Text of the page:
Subject Learning Outcomes (SLOs)
On successful completion of this subject the learner will be able to:
- Apply evidence-based and scientific methods to professional practice across the lifespan in empirically valid and culturally responsive ways.
- Demonstrate professional communication skills, in a culturally responsive manner, with a range of socially and culturally diverse clients.
- Accurately interpret psychological assessment results as a broader part of assessment.
- Identify psychological disorders using a recognised taxonomy.
- Conduct professional assessments and synthesise information from multiple sources, including assessment and management of risk.
- Skills to monitor outcomes and modifications based on evolving case formulation.
- Interpret and communicate findings in oral and written formats, including formal psychological reports, using culturally appropriate language.
- Knowledge of empirically supported interventions, and monitor clients’ progress and intervention outcomes.
- Understand boundaries of professional competence.
- Engage in self-reflective professional practice, taking account of the impact of their own values and beliefs, and taking appropriate actions as a result.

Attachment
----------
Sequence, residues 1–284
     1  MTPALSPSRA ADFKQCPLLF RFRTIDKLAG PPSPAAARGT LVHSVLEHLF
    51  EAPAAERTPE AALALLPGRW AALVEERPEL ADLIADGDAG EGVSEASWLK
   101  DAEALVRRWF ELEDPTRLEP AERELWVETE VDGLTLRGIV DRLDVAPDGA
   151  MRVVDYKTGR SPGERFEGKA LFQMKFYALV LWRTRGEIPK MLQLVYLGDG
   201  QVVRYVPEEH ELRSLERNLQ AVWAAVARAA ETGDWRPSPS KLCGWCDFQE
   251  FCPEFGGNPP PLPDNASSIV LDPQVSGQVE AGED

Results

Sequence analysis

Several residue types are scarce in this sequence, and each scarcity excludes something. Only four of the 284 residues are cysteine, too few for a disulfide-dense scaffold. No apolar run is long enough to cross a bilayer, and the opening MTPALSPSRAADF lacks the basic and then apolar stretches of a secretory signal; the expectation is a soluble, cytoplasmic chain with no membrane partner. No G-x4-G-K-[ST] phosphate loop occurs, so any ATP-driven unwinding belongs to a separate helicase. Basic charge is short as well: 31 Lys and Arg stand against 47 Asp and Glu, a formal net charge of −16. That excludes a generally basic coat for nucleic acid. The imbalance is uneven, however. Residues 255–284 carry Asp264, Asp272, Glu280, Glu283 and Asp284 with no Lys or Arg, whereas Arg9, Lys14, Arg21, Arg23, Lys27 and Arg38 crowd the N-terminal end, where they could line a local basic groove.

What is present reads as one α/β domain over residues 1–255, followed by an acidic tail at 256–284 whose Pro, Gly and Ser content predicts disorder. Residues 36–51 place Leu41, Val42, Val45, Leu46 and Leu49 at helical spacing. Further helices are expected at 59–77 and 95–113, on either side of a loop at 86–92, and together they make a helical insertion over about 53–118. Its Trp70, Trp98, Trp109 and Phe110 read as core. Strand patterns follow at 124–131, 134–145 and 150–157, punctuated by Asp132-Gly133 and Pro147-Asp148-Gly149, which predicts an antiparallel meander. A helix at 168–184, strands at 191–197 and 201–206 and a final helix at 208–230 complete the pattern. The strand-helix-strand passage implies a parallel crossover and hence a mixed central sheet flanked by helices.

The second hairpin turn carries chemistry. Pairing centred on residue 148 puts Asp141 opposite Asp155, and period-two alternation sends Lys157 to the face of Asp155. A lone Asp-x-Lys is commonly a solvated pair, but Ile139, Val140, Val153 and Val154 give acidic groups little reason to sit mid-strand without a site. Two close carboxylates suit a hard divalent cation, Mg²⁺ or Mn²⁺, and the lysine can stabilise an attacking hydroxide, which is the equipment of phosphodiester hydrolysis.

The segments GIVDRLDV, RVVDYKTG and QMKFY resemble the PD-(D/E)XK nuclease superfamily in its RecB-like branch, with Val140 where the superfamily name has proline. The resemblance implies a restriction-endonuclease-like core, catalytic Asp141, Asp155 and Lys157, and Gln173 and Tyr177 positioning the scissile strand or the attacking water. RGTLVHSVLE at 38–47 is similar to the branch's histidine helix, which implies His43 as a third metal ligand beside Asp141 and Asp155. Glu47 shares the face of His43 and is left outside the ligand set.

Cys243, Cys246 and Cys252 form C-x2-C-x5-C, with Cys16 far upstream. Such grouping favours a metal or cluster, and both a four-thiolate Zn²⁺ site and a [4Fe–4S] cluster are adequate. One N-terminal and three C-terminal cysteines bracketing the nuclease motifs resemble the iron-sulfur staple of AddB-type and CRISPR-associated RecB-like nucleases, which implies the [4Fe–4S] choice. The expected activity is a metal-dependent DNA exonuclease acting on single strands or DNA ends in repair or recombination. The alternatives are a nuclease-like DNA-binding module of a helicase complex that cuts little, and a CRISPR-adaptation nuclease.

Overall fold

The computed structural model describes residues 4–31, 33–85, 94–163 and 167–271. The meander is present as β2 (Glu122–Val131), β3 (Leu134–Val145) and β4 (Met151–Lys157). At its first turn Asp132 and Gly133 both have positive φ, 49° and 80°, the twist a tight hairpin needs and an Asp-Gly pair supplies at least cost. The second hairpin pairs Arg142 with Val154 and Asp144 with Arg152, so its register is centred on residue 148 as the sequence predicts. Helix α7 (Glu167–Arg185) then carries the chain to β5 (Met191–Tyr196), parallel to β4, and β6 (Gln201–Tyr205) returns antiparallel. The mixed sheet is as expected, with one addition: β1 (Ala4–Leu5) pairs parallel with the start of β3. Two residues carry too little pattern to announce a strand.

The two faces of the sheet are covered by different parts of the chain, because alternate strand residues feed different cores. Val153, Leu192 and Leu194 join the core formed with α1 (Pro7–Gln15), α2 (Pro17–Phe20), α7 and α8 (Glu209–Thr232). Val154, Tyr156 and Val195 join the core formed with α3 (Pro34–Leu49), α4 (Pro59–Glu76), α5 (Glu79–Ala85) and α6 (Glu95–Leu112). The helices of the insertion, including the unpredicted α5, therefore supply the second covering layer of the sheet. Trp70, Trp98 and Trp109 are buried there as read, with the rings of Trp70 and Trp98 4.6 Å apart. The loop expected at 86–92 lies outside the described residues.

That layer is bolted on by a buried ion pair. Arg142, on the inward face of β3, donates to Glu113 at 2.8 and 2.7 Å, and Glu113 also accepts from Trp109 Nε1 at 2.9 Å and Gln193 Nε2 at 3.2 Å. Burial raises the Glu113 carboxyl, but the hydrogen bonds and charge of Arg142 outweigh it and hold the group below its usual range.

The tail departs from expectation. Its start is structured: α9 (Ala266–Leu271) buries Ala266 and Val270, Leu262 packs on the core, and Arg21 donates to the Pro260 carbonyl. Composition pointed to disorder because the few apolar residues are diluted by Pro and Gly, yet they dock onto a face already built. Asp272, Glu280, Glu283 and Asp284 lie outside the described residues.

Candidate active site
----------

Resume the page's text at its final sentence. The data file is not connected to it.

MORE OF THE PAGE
- Critically evaluate contemporary scientific literature to inform practice.
|Oral Presentation||An oral presentation to the class focusing on an evidence based therapy, and how it would be applied to diverse populations in an appropriate and culturally sensitive fashion.||30%||Week 3||1, 2, 8, 10, 11.|
|Written Report||A 2,000 Word Assignment applying an evidence based therapy to a case study, demonstrating breadth of research, cultural sensitivity and reflexive practice.||30%||Week 9||1, 3, 4, 5, 7, 8, 10, 11.|
|Essay||Take home research essay assessment||40%||Week 12||1, 4, 5, 6, 7, 8, 9, 10, 11.|
- * Assessment timing is indicative of the week that the assessment is due or begins (where conducted over multiple weeks), and is based on the standard University academic calendar
- C = Students must reach a level of competency to successfully complete this assessment.
|High Distinction||85-100||Outstanding or exemplary performance in the following areas: interpretative ability; intellectual initiative in response to questions; mastery of the skills required by the subject, general levels of knowledge and analytic ability or clear thinking.|